ceramic shards in China were found in the remains of cave dwellings
dating to 9,000-10,000 years ago. Large quantities of pottery
- mainly utensils for daily use - were unearthed in Neolithic
of the invention of pottery on prehistoric man was enormous. Household
goods were essential to sedentary life, consolidating settlement
and helping to store agricultural produce. The diverse types of
pottery from different periods and regions have been classified
by scholars into four categories: red, gray, black, and white.
In 4000-2000 BCE, the firing temperature for pottery wares of
the Yangshao culture was so high that the clay burned red after
firing. The Majia Kiln culture was mainly distributed in Gansu
and the northeast of Qinghai. Ceramic manufacture was similar
to that of the Yangshao culture, but had strong local characteristics.
Painted pottery was developed, using black to paint the designs
and floral decorations.
The custom of burying pottery in tombs was introduced in the Han
Dynasty. Funerary models were large in variety and quantity, ranging
from storehouses, stoves, wells, pigsties, and pavilions, to fields,
ponds, livestock, and other features of the economic and social
life of the time.
Pottery figurines used as funerary objects in
ancient tombs were popular in the Qin and Han dynasties, and up
to the Sui and Tang, gradually decreasing after the Northern Song.
In the Shang and Western Zhou period human sacrifice was practiced.
Later, figurines of men and women were entombed, gradually replacing
the custom of burying people alive.
Army of the First Emperor
of life-size pottery figures and horses were fired for burial
in the royal tomb during the Qin dynasty, symbolizing the grandeur
of the emperor. The discovery of the Qin terra-cotta warriors
and horses in 1974 shook the world. Over 300 ceramic infantry,
cavalry, chariots, and soldiers were excavated in the Han tomb
at Yangjiawan, Zianyang, Shaanxi Province. Composition of pottery
figurines remained as it was in the Sui and Tang dynasties, including
figurines of heavenly kings, civil officials, guards of honor,
servants, and dancers. The various groups of ceramic figurines
covered with a glaze called ''three colors of the Tang" or
Tang sancai are especially radiant and grandly decorated. ''Three
colors'' actually refers to a wider range of colors. It denotes
earthenware covered with a lead-based glaze and fired at a low
temperature, using iron, copper, and manganese as coloring agents.
is an invention of ancient China. Using porcelain rock or porcelain
clay as the basic material, it is fired at a high temperature
of 1,200 degrees C. Porcelain has a dense non-porous body and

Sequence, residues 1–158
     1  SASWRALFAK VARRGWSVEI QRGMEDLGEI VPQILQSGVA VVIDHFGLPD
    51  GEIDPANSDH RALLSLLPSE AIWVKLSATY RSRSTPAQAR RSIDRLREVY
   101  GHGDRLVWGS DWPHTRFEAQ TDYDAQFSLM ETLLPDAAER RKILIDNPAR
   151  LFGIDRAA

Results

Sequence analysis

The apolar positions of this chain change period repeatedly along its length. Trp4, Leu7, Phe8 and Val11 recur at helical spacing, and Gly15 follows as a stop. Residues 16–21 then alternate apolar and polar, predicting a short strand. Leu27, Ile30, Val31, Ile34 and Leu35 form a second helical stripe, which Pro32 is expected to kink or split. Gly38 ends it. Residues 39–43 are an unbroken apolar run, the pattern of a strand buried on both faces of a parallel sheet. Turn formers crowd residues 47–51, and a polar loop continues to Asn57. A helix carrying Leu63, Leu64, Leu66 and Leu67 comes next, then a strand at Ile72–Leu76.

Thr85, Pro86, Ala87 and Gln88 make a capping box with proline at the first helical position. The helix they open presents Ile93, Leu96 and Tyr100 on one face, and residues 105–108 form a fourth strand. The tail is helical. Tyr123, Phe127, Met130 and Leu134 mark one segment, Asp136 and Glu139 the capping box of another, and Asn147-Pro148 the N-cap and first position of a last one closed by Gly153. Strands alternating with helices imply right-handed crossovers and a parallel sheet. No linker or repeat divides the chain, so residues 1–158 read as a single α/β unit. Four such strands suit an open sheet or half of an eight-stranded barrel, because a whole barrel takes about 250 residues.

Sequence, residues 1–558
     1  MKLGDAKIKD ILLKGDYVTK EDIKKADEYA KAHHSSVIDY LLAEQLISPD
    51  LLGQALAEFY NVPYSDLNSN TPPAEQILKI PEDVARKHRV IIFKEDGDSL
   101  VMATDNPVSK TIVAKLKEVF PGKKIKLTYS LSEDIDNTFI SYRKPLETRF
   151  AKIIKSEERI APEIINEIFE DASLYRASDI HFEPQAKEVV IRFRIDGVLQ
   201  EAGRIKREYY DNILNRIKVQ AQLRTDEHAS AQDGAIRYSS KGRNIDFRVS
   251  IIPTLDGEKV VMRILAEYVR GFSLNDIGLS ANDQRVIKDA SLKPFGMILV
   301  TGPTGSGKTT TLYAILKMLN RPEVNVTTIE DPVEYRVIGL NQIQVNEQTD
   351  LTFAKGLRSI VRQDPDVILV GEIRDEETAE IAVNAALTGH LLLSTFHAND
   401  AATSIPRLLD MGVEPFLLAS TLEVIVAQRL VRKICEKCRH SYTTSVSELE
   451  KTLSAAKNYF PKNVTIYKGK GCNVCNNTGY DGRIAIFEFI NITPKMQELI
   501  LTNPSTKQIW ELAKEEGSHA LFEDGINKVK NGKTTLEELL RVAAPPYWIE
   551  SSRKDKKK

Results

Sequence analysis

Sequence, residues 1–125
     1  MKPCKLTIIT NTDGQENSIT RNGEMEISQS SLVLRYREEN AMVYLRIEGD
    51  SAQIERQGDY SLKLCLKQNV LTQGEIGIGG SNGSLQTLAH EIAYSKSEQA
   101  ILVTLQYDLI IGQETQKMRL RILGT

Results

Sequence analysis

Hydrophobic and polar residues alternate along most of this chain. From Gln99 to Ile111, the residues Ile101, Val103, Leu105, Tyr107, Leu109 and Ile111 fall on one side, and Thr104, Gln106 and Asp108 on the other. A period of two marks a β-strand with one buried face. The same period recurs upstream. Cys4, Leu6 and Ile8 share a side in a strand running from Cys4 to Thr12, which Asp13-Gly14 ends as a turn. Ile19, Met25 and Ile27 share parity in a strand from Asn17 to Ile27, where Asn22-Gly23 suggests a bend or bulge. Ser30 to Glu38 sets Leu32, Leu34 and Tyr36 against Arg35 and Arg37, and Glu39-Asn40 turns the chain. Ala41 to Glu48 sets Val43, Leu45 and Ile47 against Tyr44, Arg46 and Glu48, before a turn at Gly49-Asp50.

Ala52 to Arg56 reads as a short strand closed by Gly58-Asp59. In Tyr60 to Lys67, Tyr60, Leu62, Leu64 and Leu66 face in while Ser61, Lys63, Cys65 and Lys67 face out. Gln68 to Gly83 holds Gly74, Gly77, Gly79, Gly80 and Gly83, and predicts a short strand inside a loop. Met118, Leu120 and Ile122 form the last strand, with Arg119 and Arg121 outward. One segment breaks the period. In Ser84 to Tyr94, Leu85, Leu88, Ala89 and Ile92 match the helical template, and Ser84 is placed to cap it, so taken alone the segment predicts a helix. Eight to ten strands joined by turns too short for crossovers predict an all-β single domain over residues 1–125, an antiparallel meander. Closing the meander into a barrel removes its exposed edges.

a brilliant glaze. Abundant in variety, it plays an important
role in daily life. Already during the Shang and Zhou periods,
firing of primitive porcelain had emerged, while in the mid and
late Eastern Han period, true porcelain was developed. Porcelain
kilns are distributed in Zhejiang Province and other areas south
of the Yangzi River. The porcelain industry developed rapidly
in the Wei period, the Jin dynasty, and the Northern and Southern
dynasties, reaching high levels of craftsmanship. Celadon - stoneware
with a greenish glaze -was the most popular type of porcelain
ware, to which brown stippling and painted decoration were added.
The Tang dynasty porcelain industry produced two main ceramic
wares: ''blue of the south" and "white of the north,''
which is to say that the south produced mainly celadon and the
north produced mainly white-glazed porcelain. Porcelain flourished
during the Song and Yuan dynasties. Official kilns developed and
folk kilns began to emerge, forming different schools, such as
Ru, Guan, Ge, Ding, and Jun, honored as the five great kilns of
the Song dynasty. The Ding Kiln was famous for producing white
porcelain. The Jun Kiln fired red and blue glaze to achieve a
purple-red blend. The Cizhou Kiln is most renowned among the folk
kilns. It produced porcelain that used white as the base with
designs painted in black to create lively motifs in contrasting
colors. Blue-and-white ware is obtained by decorating the white
porcelain body with designs in cobalt blue, covering it with a
transparent glaze, and firing it at a temperature of 1,300 C.
Blue-and-white ware and other high-fired porcelains matured in
the Yuan dynasty, laying the foundations for the Ming dynasty
city of Jingdezhen in Jiangxi Province to become China's porcelain
Porcelain technique advanced markedly during the Ming dynasty,
when a great number of new colors and shapes emerged. Potters
mastered the art of mixing metallic elements and firing them at
low or high temperatures to produce precisely the colors they
desired. As a result, a rich variety of fine porcelain works were
amassed. This exhibition traces the evolution of Chinese porcelain
art through the centuries, from its earliest stages and up to
its peak of delicacy and refinement.
Director, Art Exhibitions China